Culture of Life
Children, Behold Your Mother
The Blessed Mother’s month is nearly over, but Joe Cullen says it’s never too late to pick up your rosary and follow Mary.
BY Joe Cullen
May 27- June 2, 2007 Issue | Posted 5/22/07 at 9:00 AM
I was speaking with a friend about a topic that we would soon take up in our Catholic men’s group — practical ways of instilling love for Mary in our children. I felt stumped. What book should we discuss? Do we have any tapes on the subject? Should we ask one of our parish priests to stop by?
I know that children learn best by example, especially by what they see their parents doing. But I have also been impressed by anti-drug, anti-alcohol and pro-abstinence sexual-education programs that underline the importance of parents talking to their kids, sharing their beliefs and laying out their expectations.
The future Pope John Paul II learned the importance of prayer as a boy by watching his father kneel every morning and evening. But his prayer life was also shaped by a lay apostle who was a local shopkeeper.
I gave this question about teaching devotion to Our Lady to our children a lot of thought because the Marian devotion of my childhood was not strong.
I grew up in the 1960s without much knowledge or interest in the Blessed Mother, falling prey to the old canard that this devotion is anti-ecumenical, lacks biblical foundation and distracts us from the love of Christ. Then, one summer, I agreed to take part in an evening Rosary a few nights a week with some other young men. The change in my attitude toward Mary did not come overnight, but I did resolve to make the Rosary a part of my life.
After becoming a parent, I didn’t set out to teach my sons the Rosary or even to consciously inculcate a place for the mother of Jesus in their prayers. I just made sure to pray together with them every night and, because I do say the Rosary daily, I almost always have a decade or two left to be prayed at the end of the day. I use a portion of our prayer time to finish.
Needless to say, they know the Rosary prayers by heart and, at ages 5 and 7, they can probably name most of the mysteries. They know about Mary, the important events of her life, and how we need her prayers. They know she is intimately caught up in the life of Jesus and that she is part of all things Catholic. They have never not been aware of her.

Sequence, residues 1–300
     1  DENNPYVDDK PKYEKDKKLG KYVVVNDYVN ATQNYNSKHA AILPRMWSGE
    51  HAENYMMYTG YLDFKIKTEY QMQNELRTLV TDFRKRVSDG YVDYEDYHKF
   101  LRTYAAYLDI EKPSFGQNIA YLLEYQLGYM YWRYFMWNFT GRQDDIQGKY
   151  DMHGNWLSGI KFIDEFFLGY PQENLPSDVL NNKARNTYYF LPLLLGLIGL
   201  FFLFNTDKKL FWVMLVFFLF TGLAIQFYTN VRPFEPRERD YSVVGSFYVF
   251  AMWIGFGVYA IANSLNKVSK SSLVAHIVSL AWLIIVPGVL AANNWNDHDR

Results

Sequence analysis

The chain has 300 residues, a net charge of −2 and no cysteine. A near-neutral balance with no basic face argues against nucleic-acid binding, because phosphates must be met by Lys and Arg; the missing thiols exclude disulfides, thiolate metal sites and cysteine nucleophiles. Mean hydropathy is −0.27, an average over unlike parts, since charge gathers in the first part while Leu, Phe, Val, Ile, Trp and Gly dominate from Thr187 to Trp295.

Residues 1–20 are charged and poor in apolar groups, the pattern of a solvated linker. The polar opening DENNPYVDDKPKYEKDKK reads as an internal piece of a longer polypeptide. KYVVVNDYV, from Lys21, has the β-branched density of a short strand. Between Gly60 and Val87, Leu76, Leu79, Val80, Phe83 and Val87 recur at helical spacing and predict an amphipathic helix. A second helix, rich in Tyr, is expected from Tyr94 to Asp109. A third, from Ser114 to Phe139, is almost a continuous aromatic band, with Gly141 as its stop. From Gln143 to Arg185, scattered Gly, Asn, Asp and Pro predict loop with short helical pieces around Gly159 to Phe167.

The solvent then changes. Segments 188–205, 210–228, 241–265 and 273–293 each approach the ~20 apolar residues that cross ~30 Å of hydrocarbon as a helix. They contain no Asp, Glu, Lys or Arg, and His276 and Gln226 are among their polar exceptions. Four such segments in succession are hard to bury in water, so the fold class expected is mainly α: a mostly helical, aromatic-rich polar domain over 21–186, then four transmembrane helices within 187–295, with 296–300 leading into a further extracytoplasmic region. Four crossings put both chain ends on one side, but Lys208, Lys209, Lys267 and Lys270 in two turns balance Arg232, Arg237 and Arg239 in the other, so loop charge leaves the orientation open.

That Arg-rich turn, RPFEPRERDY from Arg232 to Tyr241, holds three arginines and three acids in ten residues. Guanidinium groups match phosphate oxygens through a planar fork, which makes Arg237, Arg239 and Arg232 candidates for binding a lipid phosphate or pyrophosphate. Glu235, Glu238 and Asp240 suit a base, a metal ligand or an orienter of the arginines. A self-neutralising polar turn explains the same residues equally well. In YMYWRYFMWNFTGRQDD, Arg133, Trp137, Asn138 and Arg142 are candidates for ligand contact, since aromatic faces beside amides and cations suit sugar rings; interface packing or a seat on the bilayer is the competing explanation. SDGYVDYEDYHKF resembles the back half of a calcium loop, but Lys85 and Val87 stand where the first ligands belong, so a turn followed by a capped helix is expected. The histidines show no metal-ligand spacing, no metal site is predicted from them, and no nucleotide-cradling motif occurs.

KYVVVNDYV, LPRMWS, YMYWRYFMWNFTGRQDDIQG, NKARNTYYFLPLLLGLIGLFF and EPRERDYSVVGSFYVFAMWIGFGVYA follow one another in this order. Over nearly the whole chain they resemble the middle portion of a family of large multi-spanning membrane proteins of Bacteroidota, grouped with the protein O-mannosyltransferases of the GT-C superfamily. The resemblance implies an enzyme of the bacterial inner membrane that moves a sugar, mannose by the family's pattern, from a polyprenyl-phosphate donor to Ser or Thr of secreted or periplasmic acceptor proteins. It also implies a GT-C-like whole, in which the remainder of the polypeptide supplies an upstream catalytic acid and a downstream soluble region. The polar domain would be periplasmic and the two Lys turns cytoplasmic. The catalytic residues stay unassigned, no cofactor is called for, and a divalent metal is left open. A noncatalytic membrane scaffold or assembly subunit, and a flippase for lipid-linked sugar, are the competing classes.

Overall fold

When time for the meeting came, the discussion leader took a simple approach. He played a tape of monks singing the “Salve Regina,” handed out photocopies of the most important Marian prayers and told us about his own devotion. He led us in Our Lady’s litany, known as the Litany of Loreto. He taught us devotion to the Virgin Mary with some words, yes, but mostly by leading us in devotion to the Virgin Mary.
The lesson was clear: The best way to teach kids about Mary and to encourage an active love for her is for the parent-teacher to become devoted to — or more devoted to — Our Lady.
If love for her is at work in our lives, we pass it on mostly by simply practicing it. And the Rosary is the best practice. Unlike most other prayers, the Rosary comes with a fascinating, beautiful, tactile thing. Kids go right for those.
If, however, the beads just sit in a drawer, the interest of the child will wane. He’ll see the rosary as a boring knickknack. If they are brought out and held each day, kissed reverently and prayed with love, he’ll see the seeds of a lifelong love.
Joe Cullen works
(and prays the Rosary)
on Wall Street in New York City.
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